Types of Transistors

Classification Based on their Structure

Point Contact Transistors

These were the very-first Germanium transistors, which worked based on the basis of a difficult and unreliable electrical forming process, causing them fail quite often. Further, they had a common-base current gain α greater than 1 and exhibited negative resistance.

Bipolar Junction Transistor (BJT)

BJTs are the transistors with three terminals (Emitter, Base and Collector) and hence possess two-junctions viz., Base-Emitter junction and Collector-Base junction. These are current-controlled devices whose conduction current relies on both majority as well as minority charge carriers (hence bipolar). Further these can be either (i) npn with majority charge carriers as electrons or (ii) pnp with majority charge carriers as holes, depending on their doping nature. Apart from these, many other types of BJTs found are

  • Heterojunction Bipolar Transistor: These are suitable for high frequency applications and have their emitter and base regions made of differing semiconductor materials.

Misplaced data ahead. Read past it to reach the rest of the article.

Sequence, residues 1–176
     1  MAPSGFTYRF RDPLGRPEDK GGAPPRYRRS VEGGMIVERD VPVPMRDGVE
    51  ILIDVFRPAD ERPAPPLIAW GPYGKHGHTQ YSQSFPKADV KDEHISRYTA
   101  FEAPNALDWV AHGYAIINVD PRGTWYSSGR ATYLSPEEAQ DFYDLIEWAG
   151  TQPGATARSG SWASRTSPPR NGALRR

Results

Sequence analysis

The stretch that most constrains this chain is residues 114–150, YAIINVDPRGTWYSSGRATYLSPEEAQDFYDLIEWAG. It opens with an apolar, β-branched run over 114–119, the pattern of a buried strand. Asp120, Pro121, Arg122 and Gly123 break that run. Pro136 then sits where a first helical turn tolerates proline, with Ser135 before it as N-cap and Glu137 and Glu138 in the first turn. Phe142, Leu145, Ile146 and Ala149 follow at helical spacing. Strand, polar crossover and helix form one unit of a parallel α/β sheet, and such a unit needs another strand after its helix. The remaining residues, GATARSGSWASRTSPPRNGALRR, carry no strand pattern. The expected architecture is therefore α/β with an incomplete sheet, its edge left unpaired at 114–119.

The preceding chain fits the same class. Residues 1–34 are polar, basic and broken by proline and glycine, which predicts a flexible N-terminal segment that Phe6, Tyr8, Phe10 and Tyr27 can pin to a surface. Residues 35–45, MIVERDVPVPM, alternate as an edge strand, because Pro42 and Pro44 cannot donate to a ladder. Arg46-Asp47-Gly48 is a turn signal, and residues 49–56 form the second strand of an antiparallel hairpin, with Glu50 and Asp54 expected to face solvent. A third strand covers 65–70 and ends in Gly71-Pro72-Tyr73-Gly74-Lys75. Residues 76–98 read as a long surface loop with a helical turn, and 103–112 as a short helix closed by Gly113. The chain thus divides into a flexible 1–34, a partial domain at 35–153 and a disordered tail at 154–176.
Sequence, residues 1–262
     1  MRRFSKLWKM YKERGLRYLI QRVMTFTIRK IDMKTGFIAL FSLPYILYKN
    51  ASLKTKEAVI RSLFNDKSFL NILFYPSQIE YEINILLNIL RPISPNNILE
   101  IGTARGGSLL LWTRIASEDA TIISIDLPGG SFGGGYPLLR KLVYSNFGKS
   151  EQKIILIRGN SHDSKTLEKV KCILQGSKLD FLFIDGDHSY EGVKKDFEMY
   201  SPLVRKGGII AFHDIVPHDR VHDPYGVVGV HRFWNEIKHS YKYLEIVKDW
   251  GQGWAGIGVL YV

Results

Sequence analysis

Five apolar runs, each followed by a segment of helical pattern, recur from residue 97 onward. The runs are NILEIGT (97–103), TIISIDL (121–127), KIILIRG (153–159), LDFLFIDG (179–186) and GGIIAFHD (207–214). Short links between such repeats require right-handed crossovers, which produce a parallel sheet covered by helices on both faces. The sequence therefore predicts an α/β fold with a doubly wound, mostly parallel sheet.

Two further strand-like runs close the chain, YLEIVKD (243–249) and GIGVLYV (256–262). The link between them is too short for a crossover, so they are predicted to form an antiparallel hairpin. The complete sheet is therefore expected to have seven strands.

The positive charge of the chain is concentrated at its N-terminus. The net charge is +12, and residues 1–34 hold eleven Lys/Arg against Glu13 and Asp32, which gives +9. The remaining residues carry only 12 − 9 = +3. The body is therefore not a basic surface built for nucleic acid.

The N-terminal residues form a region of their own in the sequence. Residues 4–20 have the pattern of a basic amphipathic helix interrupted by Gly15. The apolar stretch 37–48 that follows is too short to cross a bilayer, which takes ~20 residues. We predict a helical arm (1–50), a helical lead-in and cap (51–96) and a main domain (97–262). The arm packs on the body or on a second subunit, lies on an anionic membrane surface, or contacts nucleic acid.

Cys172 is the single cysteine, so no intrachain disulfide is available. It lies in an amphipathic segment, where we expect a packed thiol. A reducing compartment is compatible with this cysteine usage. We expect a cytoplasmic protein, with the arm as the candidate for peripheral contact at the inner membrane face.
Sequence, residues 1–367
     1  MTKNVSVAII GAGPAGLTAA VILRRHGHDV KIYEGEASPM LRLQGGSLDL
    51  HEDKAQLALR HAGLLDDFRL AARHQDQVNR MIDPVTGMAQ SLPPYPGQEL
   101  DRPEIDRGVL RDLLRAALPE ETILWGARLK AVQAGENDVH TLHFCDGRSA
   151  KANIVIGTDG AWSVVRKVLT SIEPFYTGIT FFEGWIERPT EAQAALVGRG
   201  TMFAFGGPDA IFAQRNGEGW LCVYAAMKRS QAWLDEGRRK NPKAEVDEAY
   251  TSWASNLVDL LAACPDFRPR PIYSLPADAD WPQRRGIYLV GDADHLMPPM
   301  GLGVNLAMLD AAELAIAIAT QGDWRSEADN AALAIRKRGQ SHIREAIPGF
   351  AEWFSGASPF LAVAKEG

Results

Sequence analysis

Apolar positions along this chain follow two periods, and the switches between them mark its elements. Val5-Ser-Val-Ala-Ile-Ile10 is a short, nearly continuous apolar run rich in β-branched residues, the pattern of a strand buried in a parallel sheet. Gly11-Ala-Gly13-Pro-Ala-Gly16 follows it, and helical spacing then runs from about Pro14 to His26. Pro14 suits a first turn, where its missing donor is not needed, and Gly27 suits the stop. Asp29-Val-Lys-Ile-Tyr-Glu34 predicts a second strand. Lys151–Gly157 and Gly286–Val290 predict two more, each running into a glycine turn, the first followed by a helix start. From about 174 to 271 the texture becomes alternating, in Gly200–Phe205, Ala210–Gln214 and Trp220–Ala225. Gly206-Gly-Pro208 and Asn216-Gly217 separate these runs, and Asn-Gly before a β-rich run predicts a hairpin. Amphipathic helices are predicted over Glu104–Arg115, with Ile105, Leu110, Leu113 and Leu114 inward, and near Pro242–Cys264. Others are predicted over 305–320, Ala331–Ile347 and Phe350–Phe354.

• Schottky Transistor or Schottky-Clamped Transistors: These devices use a Schottky barrier to avoid the transistor from being saturated.
  • Avalanche Transistors: These are specially designed transistors operating in avalanche breakdown region (where the operating voltage will be greater than the break-down voltage) and possess very high switching speeds.
  • Darlington Transistors: These are the transistors where two individual transistors are cascaded in such a way that the resulting device possesses a very high current gain.
  • Multiple Emitter Transistor: This kind of transistor is specially designed to realize the NAND logical operation.
  • Multiple Base Transistor: It is used to amplify very-low level signals present in noisy environments by adding the signal constructively, but the random noise stochastically.
  • Diffusion Transistor: These are formed by diffusing the semiconductor material with the necessary dopants.

Field Effect Transistor (FET)